My column this week is of a personal nature. I want to tell you about my friend, Mike Brown, who is retiring as Vice President of Sales for TownNews.com.
In the narrow field of web hosting for U.S. newspapers, TownNews.com is now a big player, hosting over 850 newspapers, consuming 80 megabytes of bandwidth per second and employing a great team of programmers, designers, customer support, sales and accounting staff.
But it wasn’t always that way.
Today, we serve many of the finest newspaper groups in the nation, including Lee Enterprises, Pulitzer, Stephens Media, cnhi, Liberty Group Publishing, Wick Communications, Pioneer Newspapers, Western, Brehm, CNI, Horizon, Paxton, Boone, Media News Group, Rust, Landmark, Lancaster, and other groups and independents.
We now have a sonnet ring, network area storage systems, ad serving servers, clustered web servers, security devices and servers, etc.
But it wasn’t that way 10 years ago on the cold January day when I first met Mike.
Back when, the company owned just one tiny MacIntosh server in the back office of a weekly newspaper in Bigfork, Montana, circulation 1,900. That Mac server ran BBS (bulletin board software) that delivered information to members of the Montana, Alberta, Arkansas, North Dakota, Louisiana and Wyoming press associations. The company was then branded as the International Newspaper Network (I.N.N.).
That lone Mac server was dying, and I called the computer store in nearby Kalispell, and asked to speak to the MacIntosh expert.
That expert was Mike Brown.
It was a bitterly cold, snowy January day in Montana, but Mike offered to drive to Bigfork to discuss our needs.
He met later that day with me and Bob Keenan, who’d recently invested to help keep I.N.N. alive.
Typical Mike. He didn’t just try to sell us a computer and hit the road. He wanted to know what we were doing, what we were trying to do and what we hoped to do.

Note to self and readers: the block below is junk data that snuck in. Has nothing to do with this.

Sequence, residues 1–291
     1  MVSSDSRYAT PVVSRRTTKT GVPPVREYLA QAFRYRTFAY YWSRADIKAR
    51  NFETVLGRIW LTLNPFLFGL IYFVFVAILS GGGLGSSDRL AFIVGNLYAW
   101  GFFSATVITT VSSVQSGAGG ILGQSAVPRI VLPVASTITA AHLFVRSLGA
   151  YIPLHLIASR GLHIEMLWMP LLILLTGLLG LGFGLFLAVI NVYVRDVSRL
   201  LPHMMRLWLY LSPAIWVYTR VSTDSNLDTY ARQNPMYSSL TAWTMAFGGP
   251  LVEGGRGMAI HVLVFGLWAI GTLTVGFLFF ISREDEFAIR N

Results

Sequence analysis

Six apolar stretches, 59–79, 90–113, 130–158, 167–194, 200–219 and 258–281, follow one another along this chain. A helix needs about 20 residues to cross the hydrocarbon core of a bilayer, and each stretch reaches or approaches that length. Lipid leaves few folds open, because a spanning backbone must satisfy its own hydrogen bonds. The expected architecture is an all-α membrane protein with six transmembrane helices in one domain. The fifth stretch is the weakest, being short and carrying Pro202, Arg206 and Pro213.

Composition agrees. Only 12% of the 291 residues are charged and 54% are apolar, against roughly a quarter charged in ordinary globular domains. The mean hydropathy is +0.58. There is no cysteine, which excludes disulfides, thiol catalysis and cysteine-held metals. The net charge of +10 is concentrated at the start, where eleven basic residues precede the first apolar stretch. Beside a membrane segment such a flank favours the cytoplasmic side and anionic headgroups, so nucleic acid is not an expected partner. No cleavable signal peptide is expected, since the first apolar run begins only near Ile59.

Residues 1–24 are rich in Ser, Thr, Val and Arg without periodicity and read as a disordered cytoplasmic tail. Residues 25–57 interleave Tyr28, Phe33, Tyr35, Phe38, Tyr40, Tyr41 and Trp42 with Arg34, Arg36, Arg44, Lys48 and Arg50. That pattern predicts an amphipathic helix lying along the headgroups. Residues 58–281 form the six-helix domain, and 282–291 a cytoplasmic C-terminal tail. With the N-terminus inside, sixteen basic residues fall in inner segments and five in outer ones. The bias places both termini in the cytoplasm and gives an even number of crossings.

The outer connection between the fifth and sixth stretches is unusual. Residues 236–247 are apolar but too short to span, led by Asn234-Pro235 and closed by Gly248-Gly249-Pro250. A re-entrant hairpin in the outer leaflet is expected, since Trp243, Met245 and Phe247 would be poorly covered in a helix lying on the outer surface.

He liked what he heard, and we liked Mike.
He not only sold us a server, he sold us himself.
Within a week, he was a partner in the company. His first assignment was to generate enough revenue to pay himself
The BBS business was OK, but we heard some talk about something called the World Wide Web, so we thought we’d better get into that business, too. We hired Rich Lehl to design web sites, and Chris Dorr to post newspaper classified ads to the Web. (Both Rich and Chris are still with the company - they can tell you some stories!)
The first site we posted to the Web was the Bigfork Eagle, which Rob Dalton and my wife, Ginny, and I owned. Second to the Web was Milt and Gloria Wester’s Laurel Outlook, followed by the papers in Choteau, Chester, Cut Bank and other Montana weeklies, all still customers.
Lee Enterprises took an interest in what we were doing, and became a partner, giving us stability, financing and many kindnesses.
Soon, Mike and I, were traveling the country, adding more weeklies.
Airline prices were such that we could only get reasonable prices if we stayed over a Saturday night. Mike spent 26 Saturday nights on the road in 1996, while I spent 13 Saturdays on the road while Ginny and I still published the Bigfork Eagle.
We signed our first daily - the Chico Enterprise-Record - in 1997 when the Donrey group asked us to provide web solutions for most of its papers. Then we got a contract to do all the Liberty Group 67 dailies.
We really started to grow fast.
We - especially Mike - would go anyplace, anytime to meet with a customer. (He’d promised them anything - then we’d build the product.)
Two-week road trips and 12-hour drives were almost routine for Mike. His wife, Laurine, sacrificed much to help make the company grow.
Thanks to great customers, staff and partners, I.N.N. grew into TownNews.com. It’s a much more complicated business than the one-server company that Mike joined a decade ago.
Mike and I made many friends along the road - editors, publishers, ad directors, corporate executives, our staffers, even competitors.
But the best friend I made along the way was Mike Brown, forever a Marine with whom you’d want to share a foxhole.